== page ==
Stop making concessions for your dog during training and your structured walk. Stop making excuses for him breaking his commands.
He’s gotta pee
He’s got an itch
He needed a drink of water
Oh, he stepped in front of me (so you adjust to his position)
In the absence of real danger to your dog — it doesn’t matter. If you are asking your dog to do a skill that he knows how to do, expect him to do it.
Where you stop, you stop. Don’t take 5 extra steps across the sidewalk because your dog wants to sniff the flowers. Don’t let him step in front of you if he should be sitting beside you, move him back to the right spot. And certainly don’t turn and change directions because he steered you or changed your pace & direction.
Don’t let your dog break a command to pee — if he really has to go release his command and give him a potty break — but don’t let it be a stall (marking tactic).
If you call your dog’s name (as a courtesy) to give him a heads up that a command is coming — and he blows you off — give the command anyway and follow-through if he doesn’t hear you. Snapping your fingers, tapping his head, adjusting your body position in front of him isn’t going to help – and just gives him more time not to listen.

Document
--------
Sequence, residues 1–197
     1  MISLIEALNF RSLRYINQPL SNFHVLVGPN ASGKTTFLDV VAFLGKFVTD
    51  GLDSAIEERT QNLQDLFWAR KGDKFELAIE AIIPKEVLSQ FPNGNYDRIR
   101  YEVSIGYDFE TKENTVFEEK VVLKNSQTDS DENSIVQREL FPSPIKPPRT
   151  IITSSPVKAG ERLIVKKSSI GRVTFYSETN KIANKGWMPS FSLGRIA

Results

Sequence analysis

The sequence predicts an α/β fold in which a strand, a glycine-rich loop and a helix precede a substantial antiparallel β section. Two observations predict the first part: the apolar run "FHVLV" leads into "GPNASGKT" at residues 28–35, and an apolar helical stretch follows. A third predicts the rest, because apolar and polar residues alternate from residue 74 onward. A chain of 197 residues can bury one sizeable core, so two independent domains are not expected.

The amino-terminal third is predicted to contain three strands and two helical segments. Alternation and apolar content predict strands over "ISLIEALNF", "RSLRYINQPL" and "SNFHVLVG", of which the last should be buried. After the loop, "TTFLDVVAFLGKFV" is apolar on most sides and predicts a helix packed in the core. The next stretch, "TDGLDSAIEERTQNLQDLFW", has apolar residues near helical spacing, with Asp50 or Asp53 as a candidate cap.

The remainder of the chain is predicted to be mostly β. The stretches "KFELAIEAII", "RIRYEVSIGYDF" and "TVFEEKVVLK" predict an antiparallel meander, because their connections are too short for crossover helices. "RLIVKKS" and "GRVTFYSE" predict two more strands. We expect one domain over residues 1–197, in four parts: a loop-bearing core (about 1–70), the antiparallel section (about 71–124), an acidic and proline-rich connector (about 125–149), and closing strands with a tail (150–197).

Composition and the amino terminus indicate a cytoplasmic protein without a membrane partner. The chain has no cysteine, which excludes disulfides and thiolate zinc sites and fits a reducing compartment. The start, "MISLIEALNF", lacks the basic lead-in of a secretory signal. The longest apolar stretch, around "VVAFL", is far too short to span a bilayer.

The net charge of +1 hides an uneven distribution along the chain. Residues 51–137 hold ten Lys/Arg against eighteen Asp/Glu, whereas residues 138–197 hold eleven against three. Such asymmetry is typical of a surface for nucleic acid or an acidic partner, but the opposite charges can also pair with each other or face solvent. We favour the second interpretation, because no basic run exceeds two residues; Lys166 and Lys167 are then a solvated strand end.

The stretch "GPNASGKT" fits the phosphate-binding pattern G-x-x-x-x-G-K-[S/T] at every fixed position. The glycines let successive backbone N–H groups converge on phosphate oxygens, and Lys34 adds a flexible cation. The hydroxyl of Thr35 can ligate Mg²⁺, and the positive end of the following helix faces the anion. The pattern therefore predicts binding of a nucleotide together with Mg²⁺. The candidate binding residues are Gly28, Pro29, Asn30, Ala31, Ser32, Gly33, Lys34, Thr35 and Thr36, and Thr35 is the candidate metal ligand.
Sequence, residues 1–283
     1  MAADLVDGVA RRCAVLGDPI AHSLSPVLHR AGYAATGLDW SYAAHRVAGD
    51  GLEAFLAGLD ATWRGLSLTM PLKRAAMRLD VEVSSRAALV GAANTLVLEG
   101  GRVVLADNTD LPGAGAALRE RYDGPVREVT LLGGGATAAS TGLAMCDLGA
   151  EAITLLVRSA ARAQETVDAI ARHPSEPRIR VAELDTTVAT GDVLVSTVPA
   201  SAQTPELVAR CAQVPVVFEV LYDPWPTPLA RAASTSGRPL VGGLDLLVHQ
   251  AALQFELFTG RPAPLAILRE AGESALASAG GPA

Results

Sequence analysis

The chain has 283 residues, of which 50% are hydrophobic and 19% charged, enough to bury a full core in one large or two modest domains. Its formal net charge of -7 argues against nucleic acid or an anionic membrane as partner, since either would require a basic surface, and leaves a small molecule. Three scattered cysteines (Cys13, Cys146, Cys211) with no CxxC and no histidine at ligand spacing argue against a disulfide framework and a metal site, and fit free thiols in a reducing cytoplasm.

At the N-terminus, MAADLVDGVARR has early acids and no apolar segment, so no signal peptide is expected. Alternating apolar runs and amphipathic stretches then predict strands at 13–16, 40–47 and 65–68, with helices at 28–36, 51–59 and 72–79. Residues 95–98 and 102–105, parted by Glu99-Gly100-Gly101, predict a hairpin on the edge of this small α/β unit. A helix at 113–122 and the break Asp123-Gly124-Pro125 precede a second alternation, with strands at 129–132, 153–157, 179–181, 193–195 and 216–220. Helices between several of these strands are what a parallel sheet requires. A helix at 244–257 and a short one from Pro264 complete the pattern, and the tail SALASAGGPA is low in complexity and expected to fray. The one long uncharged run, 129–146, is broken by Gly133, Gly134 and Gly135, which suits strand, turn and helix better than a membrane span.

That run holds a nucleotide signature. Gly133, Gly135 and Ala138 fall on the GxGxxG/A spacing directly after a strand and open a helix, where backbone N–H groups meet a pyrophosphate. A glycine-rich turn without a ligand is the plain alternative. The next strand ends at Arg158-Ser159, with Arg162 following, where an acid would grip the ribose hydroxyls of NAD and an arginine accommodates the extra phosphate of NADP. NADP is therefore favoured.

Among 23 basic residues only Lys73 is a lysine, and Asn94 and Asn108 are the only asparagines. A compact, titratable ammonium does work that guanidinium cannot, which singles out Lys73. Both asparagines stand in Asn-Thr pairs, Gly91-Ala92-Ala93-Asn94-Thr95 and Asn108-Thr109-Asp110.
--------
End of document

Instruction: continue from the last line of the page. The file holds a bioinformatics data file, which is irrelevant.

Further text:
Don’t let him stall by deciding he needs to scratch — in the absence of fleas (surely you don’t have this issue) or skin issues, when you say heel — he moves with you and doesn’t linger around scratching. When you are ready to go – move. Whether he’s scratching or sniffing. If you believe he has a real problem — deal with it but most often it’s manipulation.
If you are taking your dog to a new environment, yes he may be nervous. But your goal is to stick to a very simple command your dog knows to dog how to perform, stick with that and get to done. Relief will come as the reward for doing something you ask him. Of course don’t overwhelm him. It might be just a quick walk through the door of the pet store and u-turn your way out — but that walk should be a good heel.
Use obedience skills, consistent language and can give your dog something he knows how to do and be sure he completes it. Don’t let him take the lead by steering you, getting you to adjust to him, or letting him off the hook.
Your leadership matters. Leverage it.